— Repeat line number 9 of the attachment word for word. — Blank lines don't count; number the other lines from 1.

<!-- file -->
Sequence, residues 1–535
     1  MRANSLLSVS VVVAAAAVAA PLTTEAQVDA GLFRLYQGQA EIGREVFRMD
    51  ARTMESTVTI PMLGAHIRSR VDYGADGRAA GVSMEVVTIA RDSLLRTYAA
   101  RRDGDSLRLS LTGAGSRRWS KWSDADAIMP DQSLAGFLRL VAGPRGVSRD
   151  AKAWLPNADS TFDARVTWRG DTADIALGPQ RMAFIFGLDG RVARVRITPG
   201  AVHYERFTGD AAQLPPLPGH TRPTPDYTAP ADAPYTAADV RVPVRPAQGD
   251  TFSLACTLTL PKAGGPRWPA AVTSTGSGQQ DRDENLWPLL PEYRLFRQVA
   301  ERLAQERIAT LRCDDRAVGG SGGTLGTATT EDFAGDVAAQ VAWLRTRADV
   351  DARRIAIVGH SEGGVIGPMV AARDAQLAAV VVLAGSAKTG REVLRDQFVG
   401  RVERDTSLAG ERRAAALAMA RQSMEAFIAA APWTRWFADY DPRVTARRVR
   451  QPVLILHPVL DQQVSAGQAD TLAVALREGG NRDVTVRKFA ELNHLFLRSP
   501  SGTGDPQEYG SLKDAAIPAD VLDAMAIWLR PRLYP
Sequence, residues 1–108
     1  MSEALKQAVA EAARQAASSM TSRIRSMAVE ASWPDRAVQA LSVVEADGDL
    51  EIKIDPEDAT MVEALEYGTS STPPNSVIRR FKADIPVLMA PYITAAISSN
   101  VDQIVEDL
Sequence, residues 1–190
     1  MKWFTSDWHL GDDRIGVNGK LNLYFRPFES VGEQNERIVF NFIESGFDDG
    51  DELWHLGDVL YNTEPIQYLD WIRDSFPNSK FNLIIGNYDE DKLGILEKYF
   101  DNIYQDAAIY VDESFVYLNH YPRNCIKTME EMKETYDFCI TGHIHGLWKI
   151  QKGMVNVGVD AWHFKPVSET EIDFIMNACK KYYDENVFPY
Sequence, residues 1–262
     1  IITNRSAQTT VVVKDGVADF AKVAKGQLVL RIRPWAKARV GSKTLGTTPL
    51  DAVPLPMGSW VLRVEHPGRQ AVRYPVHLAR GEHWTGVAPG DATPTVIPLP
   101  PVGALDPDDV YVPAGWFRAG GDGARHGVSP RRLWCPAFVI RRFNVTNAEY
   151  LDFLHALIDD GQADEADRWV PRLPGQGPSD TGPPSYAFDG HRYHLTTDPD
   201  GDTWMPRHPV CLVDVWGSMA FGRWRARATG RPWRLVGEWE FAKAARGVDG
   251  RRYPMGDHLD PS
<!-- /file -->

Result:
   351  DARRIAIVGH SEGGVIGPMV AARDAQLAAV VVLAGSAKTG REVLRDQFVG